| FOR IMMEDIATE RELEASE
THURSDAY, FEBRUARY 11, 1993
TDD (202) 514-1888
BORDEN CHARGED WITH RIGGING BIDS ON FLUID
WASHINGTON, D.C. -- The Department of Justice today filed a five-count felony information against Borden Inc. of Columbus, Ohio, for engaging in five separate conspiracies to rig bids on contracts for the sale of fluid milk to public school districts, hospitals, a university and a military base in Texas.
The information, filed in U.S. District Court in Dallas, Texas, charges that Borden conspired with others in several areas of Texas from as early as 1964 until as late as June 1990, to rig bids on contracts to supply fluid milk to public school districts and other public entities in Texas in violation of Section 1 of the Sherman Act.
Borden and co-conspirators were awarded contracts and furnished fluid milk to certain public school districts and public hospitals in various areas of Texas, Reese Air Force Base and Texas Tech University.
The five separate conspiracies involved Borden's operations in Lubbock, Dallas/Fort Worth, Tyler, Amarillo and Abilene.
John W. Clark, Acting Assistant Attorney General in charge of the Antitrust Division, said the charges arose in connection with a grand jury investigation in Dallas, Texas, into suspected bid rigging in the dairy industry in Texas. The investigation, being conducted by the Antitrust Division's Dallas Field Office with the assistance of the U.S. Department of Agriculture, Office of Inspector General-Investigations, Southwest Region, is continuing.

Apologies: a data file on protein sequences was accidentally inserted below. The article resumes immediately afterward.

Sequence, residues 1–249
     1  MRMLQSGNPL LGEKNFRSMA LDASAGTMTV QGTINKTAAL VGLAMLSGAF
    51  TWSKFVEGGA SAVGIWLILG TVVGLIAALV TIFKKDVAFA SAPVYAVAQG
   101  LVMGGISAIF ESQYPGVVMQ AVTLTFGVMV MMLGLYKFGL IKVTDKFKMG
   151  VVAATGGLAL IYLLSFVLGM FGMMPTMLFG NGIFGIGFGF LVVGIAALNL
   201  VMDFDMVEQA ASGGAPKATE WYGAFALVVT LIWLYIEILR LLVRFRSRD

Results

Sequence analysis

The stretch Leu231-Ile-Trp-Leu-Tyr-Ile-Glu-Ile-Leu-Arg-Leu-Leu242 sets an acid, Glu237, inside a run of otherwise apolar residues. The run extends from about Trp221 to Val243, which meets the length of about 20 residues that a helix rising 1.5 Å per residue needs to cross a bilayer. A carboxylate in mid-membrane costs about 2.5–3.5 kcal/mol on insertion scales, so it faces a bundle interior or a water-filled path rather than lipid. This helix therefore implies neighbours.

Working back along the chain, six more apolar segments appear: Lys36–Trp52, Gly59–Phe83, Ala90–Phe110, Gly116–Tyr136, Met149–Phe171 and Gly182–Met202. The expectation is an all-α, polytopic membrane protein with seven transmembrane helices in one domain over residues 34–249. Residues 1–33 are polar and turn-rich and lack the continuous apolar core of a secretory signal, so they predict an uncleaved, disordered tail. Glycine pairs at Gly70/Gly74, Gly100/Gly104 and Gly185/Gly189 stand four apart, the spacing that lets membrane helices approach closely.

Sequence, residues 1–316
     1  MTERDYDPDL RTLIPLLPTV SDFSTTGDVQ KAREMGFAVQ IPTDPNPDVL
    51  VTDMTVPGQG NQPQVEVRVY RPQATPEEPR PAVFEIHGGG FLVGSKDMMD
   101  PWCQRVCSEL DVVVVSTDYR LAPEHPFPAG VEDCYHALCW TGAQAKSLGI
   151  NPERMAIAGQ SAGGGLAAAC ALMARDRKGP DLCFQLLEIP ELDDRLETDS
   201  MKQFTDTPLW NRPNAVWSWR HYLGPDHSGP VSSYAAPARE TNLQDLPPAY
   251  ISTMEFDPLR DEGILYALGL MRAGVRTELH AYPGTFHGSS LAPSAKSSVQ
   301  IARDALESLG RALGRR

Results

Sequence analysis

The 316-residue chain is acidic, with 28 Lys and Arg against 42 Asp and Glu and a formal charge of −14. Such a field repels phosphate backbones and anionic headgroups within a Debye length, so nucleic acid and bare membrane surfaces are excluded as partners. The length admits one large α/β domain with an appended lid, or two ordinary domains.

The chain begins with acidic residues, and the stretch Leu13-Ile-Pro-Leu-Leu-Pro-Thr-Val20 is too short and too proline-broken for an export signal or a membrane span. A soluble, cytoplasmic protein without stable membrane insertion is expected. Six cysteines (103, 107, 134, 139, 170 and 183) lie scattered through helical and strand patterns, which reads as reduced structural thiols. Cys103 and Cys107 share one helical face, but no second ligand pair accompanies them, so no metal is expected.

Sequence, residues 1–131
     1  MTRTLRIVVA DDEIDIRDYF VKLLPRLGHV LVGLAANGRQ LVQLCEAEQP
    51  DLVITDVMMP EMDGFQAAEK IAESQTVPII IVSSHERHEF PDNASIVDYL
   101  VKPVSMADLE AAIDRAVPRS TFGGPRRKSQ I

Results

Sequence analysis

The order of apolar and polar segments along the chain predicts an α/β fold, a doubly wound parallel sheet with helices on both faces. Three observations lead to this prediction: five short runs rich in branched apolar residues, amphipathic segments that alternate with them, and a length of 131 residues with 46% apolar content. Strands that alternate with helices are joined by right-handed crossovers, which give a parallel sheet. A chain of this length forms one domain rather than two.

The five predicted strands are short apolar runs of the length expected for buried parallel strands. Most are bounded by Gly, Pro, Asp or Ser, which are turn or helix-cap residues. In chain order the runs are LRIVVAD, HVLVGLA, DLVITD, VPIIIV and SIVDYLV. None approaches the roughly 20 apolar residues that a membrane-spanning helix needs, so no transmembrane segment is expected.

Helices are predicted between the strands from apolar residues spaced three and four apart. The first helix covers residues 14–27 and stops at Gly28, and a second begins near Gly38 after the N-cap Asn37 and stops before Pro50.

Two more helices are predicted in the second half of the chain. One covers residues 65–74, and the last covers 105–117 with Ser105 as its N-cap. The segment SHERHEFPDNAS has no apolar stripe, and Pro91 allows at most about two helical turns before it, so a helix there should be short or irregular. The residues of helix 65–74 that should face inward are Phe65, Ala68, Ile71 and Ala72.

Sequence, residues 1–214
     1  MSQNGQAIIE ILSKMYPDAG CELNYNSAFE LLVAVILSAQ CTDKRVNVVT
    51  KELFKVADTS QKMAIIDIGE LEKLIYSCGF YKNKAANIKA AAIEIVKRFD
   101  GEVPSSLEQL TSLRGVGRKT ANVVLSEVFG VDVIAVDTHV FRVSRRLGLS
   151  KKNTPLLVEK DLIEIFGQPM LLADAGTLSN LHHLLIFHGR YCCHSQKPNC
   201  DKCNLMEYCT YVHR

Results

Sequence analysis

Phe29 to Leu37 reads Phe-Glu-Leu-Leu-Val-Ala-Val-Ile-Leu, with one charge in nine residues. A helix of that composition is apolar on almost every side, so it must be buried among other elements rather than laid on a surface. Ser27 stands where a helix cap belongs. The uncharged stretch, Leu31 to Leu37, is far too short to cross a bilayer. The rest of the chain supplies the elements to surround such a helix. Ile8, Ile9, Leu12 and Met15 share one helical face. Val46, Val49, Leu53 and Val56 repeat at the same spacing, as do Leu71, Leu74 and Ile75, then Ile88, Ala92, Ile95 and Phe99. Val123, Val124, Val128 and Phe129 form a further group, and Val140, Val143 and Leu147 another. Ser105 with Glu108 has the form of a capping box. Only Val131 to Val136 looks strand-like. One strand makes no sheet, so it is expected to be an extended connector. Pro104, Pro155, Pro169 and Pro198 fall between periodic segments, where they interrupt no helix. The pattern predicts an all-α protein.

In March of 1990, the Department filed a three-count information against Borden for conspiring to rig school milk bids in Florida from at least the early 1970's through at least July 1988. Borden plead guilty and paid a $4 million fine and civil settlement of $1.5 million for involvement in that conspiracy.
With today's information, the Antitrust Division has filed a total of 83 criminal cases against 47 corporations and 56 individuals in the milk/dairy products industry for bid rigging conspiracies. Cases have been brought in Florida, Georgia, North Carolina, South Carolina, Virginia, Kentucky, Illinois, Texas, Mississippi, Tennessee, Indiana and Oklahoma.
To date, 37 corporations and 41 individuals have been convicted and a total of approximately $35 million in fines imposed. Total civil damages are more than $7 million. Thirty-four grand juries in 23 states continue to investigate the milk industry.
The maximum penalty for a corporation convicted under the Sherman Act is the greatest of a $1 million fine, twice the pecuniary gain derived from the crime or twice the pecuniary loss caused to the victims of the crime.